BY STATE SENATOR JAMES SANDERS, JR.
President Donald Trump’s recent trip to Asia again raised questions about his relationship with Russian President Vladimir Putin. The Commander-in-Chief reiterated his belief that Putin had not interfered in the 2016 election that got Trump elected. He also declared that he did not believe the information discovered by U.S. intelligence agencies was accurate.
Trump and Putin shook hands as they took part in a family photo at the Asia-Pacific Economic Cooperation summit in Vietnam. This action again calls into question Trump’s judgement. Some have suggested, Trump is naive and can easily be manipulated by others, or that he fears Putin.
Trump even went so far as to say that questioning Putin about the 2016 Presidential election during the Asia trip would have been insulting and inappropriate, but he did criticize three former U.S. intelligence agency heads on the issue calling them “political hacks.” The next day he turned to his favorite social media outlet, Twitter, and called those who questioned his attempts to improve relations with Russia, “haters and fools.”
The following day he was forced to clean up his mess. When questioned by reporters at a news conference to clarify exactly what he meant regarding Putin, Trump backtracked and said he ultimately believed his own agencies and that Putin played a part. I tend to agree with Trump’s ex-CIA Director John Brennan who recently said that Trump’s relationship with Russia is run by “naiveté, ignorance or fear.”
Special counsel Robert Mueller was appointed in May to lead the investigation into a possible Russian interference in the 2016 election. It focused on the potential involvement between the Trump campaign and Russia, as well as possible obstruction of justice by the President, who might have tried to hinder the investigation. They are also inspecting whether Trump and his financial associates have had any ties to Russia.
Trump’s tangles with Putin weren’t the only things getting him in trouble during his trip to Asia.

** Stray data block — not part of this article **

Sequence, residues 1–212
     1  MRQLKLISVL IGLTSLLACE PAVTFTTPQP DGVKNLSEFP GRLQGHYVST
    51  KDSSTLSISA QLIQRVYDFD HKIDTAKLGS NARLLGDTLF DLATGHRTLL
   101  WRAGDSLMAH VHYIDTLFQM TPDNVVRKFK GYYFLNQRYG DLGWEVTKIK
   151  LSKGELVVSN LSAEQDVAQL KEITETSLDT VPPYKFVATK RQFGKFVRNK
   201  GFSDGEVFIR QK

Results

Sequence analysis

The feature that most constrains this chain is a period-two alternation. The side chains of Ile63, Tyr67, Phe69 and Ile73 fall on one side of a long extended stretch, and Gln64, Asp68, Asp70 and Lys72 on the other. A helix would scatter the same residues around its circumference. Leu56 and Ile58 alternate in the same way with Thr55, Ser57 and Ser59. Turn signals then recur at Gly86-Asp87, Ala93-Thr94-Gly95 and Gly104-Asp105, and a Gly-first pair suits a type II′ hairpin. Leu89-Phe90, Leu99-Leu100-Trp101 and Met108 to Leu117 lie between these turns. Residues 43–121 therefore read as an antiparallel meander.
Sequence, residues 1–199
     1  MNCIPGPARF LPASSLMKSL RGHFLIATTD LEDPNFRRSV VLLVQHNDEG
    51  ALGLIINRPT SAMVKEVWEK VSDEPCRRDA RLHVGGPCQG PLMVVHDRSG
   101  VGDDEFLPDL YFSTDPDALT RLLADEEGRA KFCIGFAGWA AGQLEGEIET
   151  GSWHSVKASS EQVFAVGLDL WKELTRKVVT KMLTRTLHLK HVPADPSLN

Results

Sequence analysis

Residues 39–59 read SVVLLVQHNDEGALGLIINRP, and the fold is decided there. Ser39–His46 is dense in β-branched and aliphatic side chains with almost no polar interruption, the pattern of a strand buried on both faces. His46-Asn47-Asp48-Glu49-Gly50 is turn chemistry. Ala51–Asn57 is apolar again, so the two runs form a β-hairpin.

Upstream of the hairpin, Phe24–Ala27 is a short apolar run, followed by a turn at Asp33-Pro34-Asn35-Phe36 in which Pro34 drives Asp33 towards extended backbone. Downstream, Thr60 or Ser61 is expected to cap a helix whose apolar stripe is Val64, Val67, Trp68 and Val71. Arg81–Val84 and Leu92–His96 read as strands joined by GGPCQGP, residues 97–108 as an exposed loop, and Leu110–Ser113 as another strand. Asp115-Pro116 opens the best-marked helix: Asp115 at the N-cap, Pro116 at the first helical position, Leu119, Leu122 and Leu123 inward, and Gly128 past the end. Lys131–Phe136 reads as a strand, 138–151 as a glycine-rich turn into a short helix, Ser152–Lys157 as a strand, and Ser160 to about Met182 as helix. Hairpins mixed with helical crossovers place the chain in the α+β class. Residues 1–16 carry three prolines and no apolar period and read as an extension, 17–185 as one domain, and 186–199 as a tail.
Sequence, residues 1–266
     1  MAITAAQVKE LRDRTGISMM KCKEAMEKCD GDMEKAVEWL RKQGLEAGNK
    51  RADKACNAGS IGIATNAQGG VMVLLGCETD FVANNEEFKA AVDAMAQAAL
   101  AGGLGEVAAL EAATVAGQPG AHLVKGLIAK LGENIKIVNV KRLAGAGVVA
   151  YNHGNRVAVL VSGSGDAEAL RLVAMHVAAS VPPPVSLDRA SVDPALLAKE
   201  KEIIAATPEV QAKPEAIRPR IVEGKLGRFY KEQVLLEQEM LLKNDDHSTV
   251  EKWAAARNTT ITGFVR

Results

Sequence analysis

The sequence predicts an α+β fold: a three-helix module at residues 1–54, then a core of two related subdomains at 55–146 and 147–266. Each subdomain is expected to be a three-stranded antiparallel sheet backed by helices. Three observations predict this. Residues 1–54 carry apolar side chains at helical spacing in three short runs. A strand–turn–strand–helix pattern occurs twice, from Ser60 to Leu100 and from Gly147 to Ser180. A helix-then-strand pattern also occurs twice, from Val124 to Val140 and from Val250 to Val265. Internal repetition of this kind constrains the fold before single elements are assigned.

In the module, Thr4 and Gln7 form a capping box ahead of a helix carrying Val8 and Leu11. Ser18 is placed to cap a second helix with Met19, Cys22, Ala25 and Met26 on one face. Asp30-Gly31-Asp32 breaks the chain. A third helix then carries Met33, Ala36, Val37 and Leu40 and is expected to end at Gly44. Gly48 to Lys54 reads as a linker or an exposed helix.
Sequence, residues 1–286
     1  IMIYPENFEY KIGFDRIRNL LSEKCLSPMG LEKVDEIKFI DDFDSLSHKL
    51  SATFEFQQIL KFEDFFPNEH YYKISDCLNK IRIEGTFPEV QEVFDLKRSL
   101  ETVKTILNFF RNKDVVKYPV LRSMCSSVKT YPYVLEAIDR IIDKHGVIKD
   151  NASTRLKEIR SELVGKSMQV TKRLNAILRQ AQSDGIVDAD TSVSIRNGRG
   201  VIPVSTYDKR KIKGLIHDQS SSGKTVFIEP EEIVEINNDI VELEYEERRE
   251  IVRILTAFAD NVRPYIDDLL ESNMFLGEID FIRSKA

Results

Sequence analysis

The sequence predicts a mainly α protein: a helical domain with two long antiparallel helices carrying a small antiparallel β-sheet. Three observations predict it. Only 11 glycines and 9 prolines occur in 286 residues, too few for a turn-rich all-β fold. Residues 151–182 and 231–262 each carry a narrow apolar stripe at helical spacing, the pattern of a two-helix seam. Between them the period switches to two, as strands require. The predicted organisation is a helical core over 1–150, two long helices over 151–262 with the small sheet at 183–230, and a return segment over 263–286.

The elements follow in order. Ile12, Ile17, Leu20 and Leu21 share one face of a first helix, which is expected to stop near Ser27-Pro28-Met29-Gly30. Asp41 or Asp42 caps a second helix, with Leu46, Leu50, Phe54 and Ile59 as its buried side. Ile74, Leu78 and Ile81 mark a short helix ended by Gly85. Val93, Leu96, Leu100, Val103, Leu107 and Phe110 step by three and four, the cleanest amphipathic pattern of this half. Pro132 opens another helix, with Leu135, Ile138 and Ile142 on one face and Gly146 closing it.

He also took aim at Korean dictator Kim Jong-un in another tweet, indirectly calling him “short and fat.” One cannot help but shake one’s head in disbelief at Trump’s behavior and apparent lack of a filter when he opens his mouth. To be fair, Trump did say that Kim Jong-un started the whole thing by calling him “old,” and added: “I try so hard to be his friend – and maybe someday that will happen!” Let us examine that for a moment. Trump wants to “be friends” with a ruthless dictator who allows his people to live in abject poverty while consistently trying to increase his county’s nuclear capabilities despite public outcry from the international community and crippling UN sanctions.
Perhaps Trump is adhering to the old proverb of keeping your friends close and your enemies closer, but judging by his other actions during his first year in office it’s hard to believe he’s that smart. Also, one is left to ponder how Trump could be so successful as a billionaire businessman in the private sector but so bad at diplomacy and general decision making as president.
Whether he intends to or not, Trump is sending a dangerous message that the leader of the free world can be easily intimidated and /or manipulated, and that could pose a serious threat to our national security. On the local level, we have the power through our city and state governments to effect the Department of Homeland Security, the agency that is charged with minimizing threats to our personal and public safety. So when the 2018 elections roll around, make sure you get out there and make your vote count.